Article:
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A Heart For God: Conflict with Tradition (Mark 7:1-37)

Monday, April 09, 2012

Conflict with Tradition (Mark 7:1-37)

(This is supplement 6 to the #mkbiblechat study taking place every Friday morning at 9:30 a.m. Eastern, 6:30 Pacific USA. Pastor Mike is teaching the Gospel of Mark on Twitter. Click here for class schedule and links to the notes. Click here to follow Pastor Mike on Twitter.)


"(For the Pharisees and all the Jews do not eat unless they carefully wash their hands, thus observing the traditions of the elders.)" (Mark 7:3)

The Pharisees and scribes are groups first instituted for a good reason. During the exile, the Pharisees arose to make sure the Israelites never turned from God again. The duty of the scribes was to immerse themselves in the Scriptures and work on communicating it effectively to other Jews (they were the preachers?).

These come down to Jesus for a noble purpose which has become twisted by "tradition." (Mark 7:1-13) It is an "oral" tradition passed down orally and not written down until later. Traditions usually have a good purpose. The problem arises when they are elevated above God's commands.


"'There is nothing outside the man which going into him can defile him; but the things which proceed out of the man are what defile the man.'" (Mark 7:15)

The outside of man is not the issue. (Mark 7:14-19) Another "tradition" is dealt with: "Thus He declared all foods clean." (Mark 7:19b) The Jewish kosher system is eliminated.

Personal Illustration: There are some areas in my yard that are real easy to weed eat. And there are some areas in my yard that are real hard to weed eat. This is the hard stuff in this passage. (Mark 7:20-23) We like to do the easy stuff. We like to set up "tradition" (we like to focus on what is done on the outside), live up to it and then think everything's okay. It's self-deception. It's the inside that matters to God.


This is what I call the "Pit bull model of intercessory prayer." (Mark 7:24-26) (Matthew's parallel account emphasizes all the more the depth of intercession on the part of the woman ~ Matthew 15:21-28.)

The woman is a Gentile/non-Jew. (Mark 7:26a) This is important to understand the conversation later where another "tradition" is dealt with.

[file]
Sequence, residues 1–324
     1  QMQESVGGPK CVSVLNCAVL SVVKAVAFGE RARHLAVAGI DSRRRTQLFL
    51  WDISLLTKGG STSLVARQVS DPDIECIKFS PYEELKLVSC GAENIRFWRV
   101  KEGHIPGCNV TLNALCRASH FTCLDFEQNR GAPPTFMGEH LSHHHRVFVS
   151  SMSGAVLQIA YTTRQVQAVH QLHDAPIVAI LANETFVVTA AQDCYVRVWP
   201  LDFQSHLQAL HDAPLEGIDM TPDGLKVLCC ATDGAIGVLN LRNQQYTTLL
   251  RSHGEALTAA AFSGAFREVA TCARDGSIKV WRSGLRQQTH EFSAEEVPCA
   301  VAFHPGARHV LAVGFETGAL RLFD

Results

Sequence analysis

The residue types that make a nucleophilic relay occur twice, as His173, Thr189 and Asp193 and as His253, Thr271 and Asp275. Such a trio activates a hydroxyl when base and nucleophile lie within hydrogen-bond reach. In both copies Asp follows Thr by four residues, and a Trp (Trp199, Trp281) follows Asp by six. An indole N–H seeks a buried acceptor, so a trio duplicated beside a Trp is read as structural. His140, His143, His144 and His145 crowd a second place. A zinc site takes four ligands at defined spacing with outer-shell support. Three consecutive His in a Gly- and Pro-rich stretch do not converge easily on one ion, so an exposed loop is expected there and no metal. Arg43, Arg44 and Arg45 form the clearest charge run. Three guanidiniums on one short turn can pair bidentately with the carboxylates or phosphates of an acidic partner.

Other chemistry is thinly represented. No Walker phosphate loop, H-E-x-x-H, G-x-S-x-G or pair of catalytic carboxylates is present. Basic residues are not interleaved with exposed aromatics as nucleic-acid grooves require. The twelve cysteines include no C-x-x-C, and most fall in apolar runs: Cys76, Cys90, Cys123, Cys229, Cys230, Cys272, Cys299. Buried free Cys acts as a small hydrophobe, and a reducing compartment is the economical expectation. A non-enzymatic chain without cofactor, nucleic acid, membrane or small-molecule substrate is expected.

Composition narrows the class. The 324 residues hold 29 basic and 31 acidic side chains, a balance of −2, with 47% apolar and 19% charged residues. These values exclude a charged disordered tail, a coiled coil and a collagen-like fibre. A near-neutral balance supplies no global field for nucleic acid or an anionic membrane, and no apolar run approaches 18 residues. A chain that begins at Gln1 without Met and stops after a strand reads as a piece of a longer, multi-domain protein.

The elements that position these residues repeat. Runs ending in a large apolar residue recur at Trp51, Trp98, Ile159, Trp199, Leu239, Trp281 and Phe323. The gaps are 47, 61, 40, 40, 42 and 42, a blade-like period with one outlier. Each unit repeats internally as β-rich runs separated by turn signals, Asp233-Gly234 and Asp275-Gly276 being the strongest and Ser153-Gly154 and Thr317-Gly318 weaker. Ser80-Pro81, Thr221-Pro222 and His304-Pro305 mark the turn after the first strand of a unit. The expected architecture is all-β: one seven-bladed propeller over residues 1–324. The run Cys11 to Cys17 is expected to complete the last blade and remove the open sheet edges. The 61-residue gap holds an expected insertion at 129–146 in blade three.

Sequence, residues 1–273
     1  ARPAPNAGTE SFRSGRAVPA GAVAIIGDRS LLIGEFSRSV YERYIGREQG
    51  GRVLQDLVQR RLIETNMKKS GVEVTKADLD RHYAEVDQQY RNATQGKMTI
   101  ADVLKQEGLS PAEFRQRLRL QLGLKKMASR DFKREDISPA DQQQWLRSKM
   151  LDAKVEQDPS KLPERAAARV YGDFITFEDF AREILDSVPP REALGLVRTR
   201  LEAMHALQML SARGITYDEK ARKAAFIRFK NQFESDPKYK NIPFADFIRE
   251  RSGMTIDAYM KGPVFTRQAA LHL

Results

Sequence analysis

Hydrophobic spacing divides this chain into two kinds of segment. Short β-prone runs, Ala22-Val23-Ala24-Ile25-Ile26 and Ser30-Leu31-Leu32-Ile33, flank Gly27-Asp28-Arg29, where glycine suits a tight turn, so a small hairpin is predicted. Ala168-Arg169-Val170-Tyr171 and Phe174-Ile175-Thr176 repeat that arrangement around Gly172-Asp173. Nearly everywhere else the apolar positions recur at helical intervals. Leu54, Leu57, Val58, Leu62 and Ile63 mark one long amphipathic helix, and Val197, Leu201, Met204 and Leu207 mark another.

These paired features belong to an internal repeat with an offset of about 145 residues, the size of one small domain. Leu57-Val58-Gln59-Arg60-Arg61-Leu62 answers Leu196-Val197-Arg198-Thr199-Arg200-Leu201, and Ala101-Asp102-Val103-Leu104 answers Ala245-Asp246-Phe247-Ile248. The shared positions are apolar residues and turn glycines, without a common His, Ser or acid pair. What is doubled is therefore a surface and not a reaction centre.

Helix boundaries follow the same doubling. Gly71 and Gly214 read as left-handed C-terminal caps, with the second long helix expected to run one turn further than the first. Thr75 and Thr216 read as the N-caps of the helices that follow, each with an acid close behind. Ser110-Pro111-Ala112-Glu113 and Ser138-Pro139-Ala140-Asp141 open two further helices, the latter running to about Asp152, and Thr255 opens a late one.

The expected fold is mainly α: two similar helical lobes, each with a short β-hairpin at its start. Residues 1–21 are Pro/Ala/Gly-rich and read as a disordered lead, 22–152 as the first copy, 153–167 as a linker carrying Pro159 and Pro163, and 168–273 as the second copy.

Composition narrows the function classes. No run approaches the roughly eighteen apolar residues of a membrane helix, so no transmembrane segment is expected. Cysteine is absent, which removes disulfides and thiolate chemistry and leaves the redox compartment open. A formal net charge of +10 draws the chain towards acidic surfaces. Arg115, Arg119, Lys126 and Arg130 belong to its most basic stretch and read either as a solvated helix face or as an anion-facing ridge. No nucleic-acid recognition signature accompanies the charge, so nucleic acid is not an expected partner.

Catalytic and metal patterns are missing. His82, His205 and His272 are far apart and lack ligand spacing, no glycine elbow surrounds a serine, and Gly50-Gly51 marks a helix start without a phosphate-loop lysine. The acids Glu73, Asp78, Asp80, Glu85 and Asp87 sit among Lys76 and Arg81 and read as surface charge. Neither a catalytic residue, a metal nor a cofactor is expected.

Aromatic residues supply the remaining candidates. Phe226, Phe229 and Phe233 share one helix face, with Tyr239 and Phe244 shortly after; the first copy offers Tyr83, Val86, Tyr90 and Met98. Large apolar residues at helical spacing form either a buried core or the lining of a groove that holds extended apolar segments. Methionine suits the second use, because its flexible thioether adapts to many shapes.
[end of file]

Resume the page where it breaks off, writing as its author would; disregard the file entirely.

"And she kept asking Him (Jesus) to cast the demon out of her daughter." (Mark 7:26b) Intercession requires: (1) keen supernatural discernment; (2) recognition of no real help apart from God; (3) pursuit of Christ regardless of obstacles ("tradition" is the obstacle here).

Illustration: "Pit bulls will bite their victims and literally never let go. They must be killed." No, this gal doesn't bite Jesus, but she's ferocious, tenacious. She lays hold of Him and won't let go until her need is met. (Mark 7:29-30)


Initial thoughts:

1. This healing only found in Mark 7:31-37 (though Matthew 15:29-31 suggested as parallel account in Synopsis of the Four Gospels);

2. Prophetic fulfillment of Isaiah 35:5-6;

3. Note the interaction and personal care of Christ at a personal level;

4. Sighing a sign of our Lord's pity? (Mark 7:34a) ~ "For we have not an high priest which cannot be touched with the feeling of our infirmities" (Hebrews 4:15a; KJV);

5. Add "Ephphatha!" to prayers ("Be opened"). (Mark 7:34b)

So many with closed ears to Gospel and impeded tongues to speaking God's praise. (Matthew Henry)


1. Jesus gives a list of 13 things that defile (make dirty, pollute) a man or woman. (Mark 7:20-23) Have you ever battled any of these in your own life?

2. Name some traditions the church you attend observes. (Mark 7:1-5)

3. It is through unusual means that Jesus heals the deaf and dumb man. (Mark 7:33-35) Have you ever known anyone who was unusually healed?

4. Jesus speaks to a Gentile woman in a rather odd way. (Mark 7:27) She understands what He's talking about. (Mark 7:28-29) What is Jesus talking about?

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